Arena wrote:February 1958. Your Powwow Corner. "Miracle of Fatima." "Favorite Bogey!" "The Retrograde Complex." "Other -Ologies." "Breakthrough."
What's this one about? I've often wondered about that retrograde movement, since there of course is no retrograde movement in space. Just appears like that from earth - and I guess we use it since we use the geocentric view.
In response to astrologer's repetitive and ungrounded concern about retrogradation in general, and the adversities of retrograde Mercury in particular, the following facts were cited:

Paul Clancy, years earlier, had documented that "large business deals, international pacts and treaties, and the like," made and signed with Mercury retrograde, "were no different in their ultimate success or failure than those made and signed when Mercury was direct." Garth Allen summarized,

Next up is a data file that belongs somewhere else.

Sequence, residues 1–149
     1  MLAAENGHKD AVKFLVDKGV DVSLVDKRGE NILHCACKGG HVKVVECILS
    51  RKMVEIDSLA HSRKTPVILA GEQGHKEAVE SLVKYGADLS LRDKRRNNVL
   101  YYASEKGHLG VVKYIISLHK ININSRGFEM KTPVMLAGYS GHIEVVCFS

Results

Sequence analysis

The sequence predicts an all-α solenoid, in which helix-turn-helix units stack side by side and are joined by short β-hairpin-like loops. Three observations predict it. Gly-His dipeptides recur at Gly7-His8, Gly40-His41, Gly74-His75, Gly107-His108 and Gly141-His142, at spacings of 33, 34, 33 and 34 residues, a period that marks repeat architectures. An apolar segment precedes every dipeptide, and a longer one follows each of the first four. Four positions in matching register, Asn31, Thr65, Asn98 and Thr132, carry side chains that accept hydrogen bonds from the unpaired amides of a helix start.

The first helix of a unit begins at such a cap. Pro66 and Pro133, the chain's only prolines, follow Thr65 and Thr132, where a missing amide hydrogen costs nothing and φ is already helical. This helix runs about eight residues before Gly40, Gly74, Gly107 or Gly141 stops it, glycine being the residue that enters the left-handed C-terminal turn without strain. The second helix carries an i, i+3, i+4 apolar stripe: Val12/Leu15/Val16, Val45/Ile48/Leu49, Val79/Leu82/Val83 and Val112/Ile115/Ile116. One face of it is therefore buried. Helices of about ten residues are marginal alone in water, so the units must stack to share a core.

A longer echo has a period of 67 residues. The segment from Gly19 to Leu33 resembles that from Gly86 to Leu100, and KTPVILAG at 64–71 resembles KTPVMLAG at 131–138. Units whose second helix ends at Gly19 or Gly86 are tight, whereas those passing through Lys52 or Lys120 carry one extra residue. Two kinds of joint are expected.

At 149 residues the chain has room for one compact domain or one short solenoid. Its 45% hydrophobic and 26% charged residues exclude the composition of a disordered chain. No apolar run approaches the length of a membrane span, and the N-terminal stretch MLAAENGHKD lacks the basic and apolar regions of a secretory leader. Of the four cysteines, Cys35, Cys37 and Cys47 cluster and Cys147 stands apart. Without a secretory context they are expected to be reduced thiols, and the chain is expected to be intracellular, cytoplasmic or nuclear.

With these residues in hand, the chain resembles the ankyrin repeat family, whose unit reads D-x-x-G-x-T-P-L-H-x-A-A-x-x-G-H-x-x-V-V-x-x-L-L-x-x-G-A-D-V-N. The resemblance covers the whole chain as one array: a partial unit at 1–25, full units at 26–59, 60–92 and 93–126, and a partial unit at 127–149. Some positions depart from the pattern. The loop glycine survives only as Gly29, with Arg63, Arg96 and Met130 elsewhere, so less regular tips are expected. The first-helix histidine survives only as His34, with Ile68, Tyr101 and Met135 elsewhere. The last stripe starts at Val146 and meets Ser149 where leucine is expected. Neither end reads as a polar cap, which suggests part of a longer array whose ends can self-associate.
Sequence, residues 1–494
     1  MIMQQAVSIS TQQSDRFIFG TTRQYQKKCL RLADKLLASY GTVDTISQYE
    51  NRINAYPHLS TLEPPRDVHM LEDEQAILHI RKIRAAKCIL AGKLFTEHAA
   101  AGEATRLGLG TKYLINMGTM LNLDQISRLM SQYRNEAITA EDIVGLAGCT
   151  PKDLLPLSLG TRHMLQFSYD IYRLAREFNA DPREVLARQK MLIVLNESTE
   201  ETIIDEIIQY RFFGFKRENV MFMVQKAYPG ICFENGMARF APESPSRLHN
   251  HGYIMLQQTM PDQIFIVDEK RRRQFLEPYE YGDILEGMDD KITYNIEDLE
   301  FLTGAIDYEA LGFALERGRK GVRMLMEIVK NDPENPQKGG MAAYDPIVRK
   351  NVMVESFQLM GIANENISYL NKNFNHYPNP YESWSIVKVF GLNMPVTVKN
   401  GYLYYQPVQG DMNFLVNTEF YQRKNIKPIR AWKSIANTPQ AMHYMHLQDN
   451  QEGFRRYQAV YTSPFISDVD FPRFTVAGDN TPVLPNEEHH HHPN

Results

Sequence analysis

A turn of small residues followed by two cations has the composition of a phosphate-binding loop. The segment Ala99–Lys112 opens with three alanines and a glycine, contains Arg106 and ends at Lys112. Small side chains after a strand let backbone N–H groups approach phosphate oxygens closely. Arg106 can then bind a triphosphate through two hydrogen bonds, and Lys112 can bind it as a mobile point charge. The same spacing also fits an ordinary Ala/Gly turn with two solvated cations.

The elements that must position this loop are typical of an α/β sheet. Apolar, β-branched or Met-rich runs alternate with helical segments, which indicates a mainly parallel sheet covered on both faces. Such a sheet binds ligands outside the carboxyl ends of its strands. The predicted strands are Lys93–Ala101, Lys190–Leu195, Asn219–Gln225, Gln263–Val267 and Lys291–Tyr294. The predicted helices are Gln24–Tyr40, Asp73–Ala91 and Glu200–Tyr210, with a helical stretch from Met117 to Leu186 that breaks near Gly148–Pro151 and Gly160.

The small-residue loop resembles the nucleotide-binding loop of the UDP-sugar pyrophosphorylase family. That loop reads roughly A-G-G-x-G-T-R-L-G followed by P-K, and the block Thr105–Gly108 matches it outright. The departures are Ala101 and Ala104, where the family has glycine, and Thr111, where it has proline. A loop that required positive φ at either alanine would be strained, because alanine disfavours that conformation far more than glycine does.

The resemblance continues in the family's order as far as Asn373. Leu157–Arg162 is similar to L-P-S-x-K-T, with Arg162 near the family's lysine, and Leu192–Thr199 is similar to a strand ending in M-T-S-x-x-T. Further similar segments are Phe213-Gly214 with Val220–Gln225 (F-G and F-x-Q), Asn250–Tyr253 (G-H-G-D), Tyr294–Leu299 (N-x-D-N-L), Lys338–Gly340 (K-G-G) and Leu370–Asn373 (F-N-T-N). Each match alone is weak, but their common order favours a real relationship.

The scroll of history, scanned unbiasedly, offers more than enough evidence that the popular idea holding retrograde Mercury to be unfortunate, or at least frustrative, is hardly warranted.
Mercury spend 20% of its time retrograde and catches the blame for things that happen just about as frequently the other 80% of the time, too. The year before, a fleet of airplanes circled earth non-stop (a really big deal in 1956!) at a record-breaking pace, without a single problem, during a two-day period Mercury was retrograde.

He reminds his readers (I think primarily the Tropicalists among them) that it is physically impossible for Sun to trine a planet from Jupiter outward without the planet being retrograde - so the idea that the trine is really, really good, and that retrogradation screws things up, is, oh, a bit inconsistent.